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The Frontier: After More Than 20 Years In Prison, Exonerated Men Spend First Christmas With The Thunder

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Oklahoma City Thunder point guard Anthony Morrow (left) signs a jersey for Malcolm Scott, as De’Marchoe Carpenter looks on before an Oklahoma City Thunder game on Sunday, Dec. 25. MICHAEL DOWNES/ For The Frontier Oklahoma City Thunder point guard Anthony Morrow (left) signs a jersey for Malcolm Scott, as De’Marchoe Carpenter looks on before an Oklahoma City Thunder game on Sunday, Dec. 25. MICHAEL DOWNES/ For The Frontier
De’Marchoe Carpenter (left) and Malcolm Scott try to direct a T-shirt cannon their way during a timeout at an Oklahoma City Thunder game on Dec. 25. MICHAEL DOWNES/ For The Frontier De’Marchoe Carpenter (left) and Malcolm Scott try to direct a T-shirt cannon their way during a timeout at an Oklahoma City Thunder game on Dec. 25. MICHAEL DOWNES/ For The Frontier
De’Marchoe Carpenter (left) and Malcolm Scott open their Thunder jerseys inside a law office in Tulsa in mid-December. KASSIE MCCLUNG/The Frontier De’Marchoe Carpenter (left) and Malcolm Scott open their Thunder jerseys inside a law office in Tulsa in mid-December. KASSIE MCCLUNG/The Frontier
Malcolm Scott (left) and De’Marchoe Carpenter pose for a cell phone photo on the arena floor before an Oklahoma City Thunder game on Dec. 25. MICHAEL DOWNES/For The Frontier Malcolm Scott (left) and De’Marchoe Carpenter pose for a cell phone photo on the arena floor before an Oklahoma City Thunder game on Dec. 25. MICHAEL DOWNES/For The Frontier
OKLAHOMA CITY -

By Kassie McClung, The Frontier

During the 20 years De’Marchoe Carpenter was in prison, he often depended on his imagination to stay sane and focused. 

Sitting in his cell, he would let his mind take him somewhere else. Usually, he dreamed of being in society and spending time with his family. But occasionally, he pictured himself sitting courtside at a Thunder basketball game in Oklahoma City. 

“And now I’m here, and it’s amazing,” Carpenter said, situated in a seat just feet away from Thunder players. 

On Sunday, Carpenter, along with Malcolm Scott, spent Christmas courtside watching the Thunder beat the Minnesota Timberwolves.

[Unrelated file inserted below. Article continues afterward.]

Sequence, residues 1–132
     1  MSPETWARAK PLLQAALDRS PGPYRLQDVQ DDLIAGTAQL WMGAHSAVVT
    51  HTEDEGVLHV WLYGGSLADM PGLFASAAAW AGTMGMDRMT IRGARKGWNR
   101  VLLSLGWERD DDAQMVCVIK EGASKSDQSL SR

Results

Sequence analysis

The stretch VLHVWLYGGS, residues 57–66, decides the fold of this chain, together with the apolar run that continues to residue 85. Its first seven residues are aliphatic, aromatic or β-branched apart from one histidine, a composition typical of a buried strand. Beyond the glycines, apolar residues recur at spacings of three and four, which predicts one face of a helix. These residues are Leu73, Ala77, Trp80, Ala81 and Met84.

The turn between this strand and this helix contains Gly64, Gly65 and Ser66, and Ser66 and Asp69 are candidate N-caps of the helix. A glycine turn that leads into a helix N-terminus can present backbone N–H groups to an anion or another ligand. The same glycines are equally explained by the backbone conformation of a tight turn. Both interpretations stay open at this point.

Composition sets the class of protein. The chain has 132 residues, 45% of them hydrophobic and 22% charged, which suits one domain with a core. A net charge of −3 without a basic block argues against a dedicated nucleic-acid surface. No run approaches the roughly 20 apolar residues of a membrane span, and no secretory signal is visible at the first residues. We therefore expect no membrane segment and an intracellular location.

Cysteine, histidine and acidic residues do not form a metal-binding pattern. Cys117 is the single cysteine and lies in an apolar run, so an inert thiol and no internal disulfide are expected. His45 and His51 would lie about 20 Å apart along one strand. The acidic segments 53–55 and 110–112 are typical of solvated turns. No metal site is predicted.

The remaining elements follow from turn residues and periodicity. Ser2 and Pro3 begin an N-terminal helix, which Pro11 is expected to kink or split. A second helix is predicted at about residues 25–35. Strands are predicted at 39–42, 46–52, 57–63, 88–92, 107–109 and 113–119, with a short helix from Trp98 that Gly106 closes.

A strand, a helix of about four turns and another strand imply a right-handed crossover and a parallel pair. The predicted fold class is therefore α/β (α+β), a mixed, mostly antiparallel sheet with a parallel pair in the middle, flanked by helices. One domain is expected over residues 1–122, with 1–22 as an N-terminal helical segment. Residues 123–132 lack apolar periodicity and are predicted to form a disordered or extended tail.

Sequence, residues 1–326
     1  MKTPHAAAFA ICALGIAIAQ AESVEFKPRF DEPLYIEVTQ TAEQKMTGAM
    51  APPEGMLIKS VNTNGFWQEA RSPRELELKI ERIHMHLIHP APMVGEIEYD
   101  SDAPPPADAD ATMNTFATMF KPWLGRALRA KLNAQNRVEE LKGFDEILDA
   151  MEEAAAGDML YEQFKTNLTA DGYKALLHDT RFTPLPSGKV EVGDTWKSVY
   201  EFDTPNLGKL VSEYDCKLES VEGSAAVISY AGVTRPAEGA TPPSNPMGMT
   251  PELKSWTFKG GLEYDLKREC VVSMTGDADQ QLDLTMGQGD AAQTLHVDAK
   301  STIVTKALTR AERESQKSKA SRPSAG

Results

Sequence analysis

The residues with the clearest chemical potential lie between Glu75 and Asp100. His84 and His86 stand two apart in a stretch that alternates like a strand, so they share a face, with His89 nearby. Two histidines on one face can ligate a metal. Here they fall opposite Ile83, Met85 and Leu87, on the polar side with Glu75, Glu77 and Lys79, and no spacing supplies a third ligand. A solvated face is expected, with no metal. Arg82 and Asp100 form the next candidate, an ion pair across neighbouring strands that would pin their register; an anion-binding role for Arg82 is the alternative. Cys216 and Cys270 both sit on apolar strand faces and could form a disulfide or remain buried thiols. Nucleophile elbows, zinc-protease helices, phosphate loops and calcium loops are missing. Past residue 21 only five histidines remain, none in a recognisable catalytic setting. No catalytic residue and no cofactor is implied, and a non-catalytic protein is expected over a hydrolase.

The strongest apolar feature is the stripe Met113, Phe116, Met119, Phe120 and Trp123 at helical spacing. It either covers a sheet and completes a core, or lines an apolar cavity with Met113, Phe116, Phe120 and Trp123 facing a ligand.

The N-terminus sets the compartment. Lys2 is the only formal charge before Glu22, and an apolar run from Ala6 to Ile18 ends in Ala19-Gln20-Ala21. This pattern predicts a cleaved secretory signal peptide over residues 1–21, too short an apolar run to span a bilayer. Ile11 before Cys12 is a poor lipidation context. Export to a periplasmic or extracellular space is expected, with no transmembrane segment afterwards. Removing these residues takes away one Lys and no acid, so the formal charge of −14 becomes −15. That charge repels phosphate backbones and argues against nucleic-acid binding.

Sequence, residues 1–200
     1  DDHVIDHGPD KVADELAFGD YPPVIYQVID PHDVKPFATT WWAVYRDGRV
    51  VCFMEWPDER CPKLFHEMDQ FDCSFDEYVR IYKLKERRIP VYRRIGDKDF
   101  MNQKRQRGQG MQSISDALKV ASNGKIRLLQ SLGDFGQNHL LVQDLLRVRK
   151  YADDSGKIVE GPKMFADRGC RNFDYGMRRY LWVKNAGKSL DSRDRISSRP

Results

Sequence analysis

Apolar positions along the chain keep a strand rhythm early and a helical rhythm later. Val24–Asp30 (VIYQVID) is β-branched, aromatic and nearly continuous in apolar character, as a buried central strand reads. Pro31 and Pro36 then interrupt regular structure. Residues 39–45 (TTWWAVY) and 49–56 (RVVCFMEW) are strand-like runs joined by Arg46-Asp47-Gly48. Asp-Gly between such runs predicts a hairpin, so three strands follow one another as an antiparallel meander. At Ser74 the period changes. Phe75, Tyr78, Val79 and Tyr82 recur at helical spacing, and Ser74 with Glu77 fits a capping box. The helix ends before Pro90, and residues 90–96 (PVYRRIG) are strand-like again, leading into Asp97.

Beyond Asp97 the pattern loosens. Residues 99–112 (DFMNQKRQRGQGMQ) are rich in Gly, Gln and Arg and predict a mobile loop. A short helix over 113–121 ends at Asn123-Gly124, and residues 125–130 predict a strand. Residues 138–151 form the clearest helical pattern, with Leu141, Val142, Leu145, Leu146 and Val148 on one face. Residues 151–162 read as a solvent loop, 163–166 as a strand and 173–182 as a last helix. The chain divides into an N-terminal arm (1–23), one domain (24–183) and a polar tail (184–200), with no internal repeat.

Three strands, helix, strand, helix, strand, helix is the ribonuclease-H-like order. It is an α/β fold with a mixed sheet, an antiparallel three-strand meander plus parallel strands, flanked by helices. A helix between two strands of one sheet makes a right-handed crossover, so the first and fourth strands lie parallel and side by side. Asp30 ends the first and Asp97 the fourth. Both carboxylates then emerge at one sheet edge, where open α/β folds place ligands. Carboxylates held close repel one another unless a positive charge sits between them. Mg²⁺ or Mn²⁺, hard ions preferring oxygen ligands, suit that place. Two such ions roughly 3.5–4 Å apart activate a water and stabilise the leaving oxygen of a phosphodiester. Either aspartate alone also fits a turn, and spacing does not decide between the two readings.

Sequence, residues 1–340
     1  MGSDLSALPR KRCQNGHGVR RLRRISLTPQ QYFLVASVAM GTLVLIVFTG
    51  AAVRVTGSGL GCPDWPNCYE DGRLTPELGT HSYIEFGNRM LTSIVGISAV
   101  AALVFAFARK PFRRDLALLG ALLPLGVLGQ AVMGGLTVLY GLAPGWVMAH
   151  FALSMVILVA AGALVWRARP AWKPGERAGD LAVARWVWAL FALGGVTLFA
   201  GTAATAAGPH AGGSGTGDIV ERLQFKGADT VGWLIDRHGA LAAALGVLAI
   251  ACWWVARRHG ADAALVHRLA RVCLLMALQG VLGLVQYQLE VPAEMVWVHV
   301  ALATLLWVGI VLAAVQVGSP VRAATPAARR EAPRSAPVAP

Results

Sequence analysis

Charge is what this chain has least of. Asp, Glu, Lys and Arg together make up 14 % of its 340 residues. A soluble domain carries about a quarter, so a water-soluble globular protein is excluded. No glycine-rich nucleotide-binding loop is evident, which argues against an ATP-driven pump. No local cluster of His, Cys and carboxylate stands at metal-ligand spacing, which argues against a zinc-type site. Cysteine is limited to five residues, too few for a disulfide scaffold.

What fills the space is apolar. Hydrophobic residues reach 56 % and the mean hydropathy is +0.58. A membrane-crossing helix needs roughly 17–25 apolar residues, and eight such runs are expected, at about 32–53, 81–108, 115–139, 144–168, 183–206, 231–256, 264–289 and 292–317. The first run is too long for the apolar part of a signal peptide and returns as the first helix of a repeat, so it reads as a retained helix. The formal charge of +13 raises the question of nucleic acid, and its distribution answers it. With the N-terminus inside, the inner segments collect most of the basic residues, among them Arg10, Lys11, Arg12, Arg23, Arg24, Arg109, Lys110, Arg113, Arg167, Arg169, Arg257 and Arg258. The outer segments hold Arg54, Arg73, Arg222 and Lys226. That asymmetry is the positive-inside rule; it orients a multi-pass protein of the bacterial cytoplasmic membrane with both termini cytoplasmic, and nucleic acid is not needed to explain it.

Not only was it their first Thunder game, it was also the first Christmas the two spent outside of prison in more than 20 years. 

In 1994, when Scott and Carpenter were only 17, they were arrested in the drive-by shooting death of Karen Summers. The two were convicted and sentenced to life in prison. In recent years, several witnesses in the case recanted their testimony, saying police pressured them to implicate Scott and Carpenter. 

One of the witnesses, Michael Lee Wilson, confessed to being the shooter just days before he was executed for a separate killing. In May, Tulsa County District Judge Sharon Holmes declared Scott and Carpenter innocent, exonerating them after both served more than 20 years in prison.Last month, the Court of Criminal Appeals handed down a unanimous finding of actual innocence. In the ruling, the judges wrote they agreed with the decision to release Scott and Carpenter. 

Last month, the Court of Criminal Appeals handed down a unanimous finding of actual innocence. In the ruling, the judges wrote they agreed with the decision to release Scott and Carpenter. 

Now, Scott and Carpenter are looking forward. They don’t dwell much on the holidays they missed, but they talk enthusiastically about their new memories and what they’re looking forward to. 

On Sunday, the Thunder treated Scott and Carpenter with courtside seats to the game and shootaround. They say their first Christmas out of prison will be one to remember. 

“Just being here, coming here and stepping out on the court,” Scott said. “Just being here on courtside — this is amazing just in itself. I mean, I’m really here at the Thunder game courtside.” 

Before the game started, Scott said he would keep an eye out for his favorite players, Anthony Morrow and Russell Westbrook.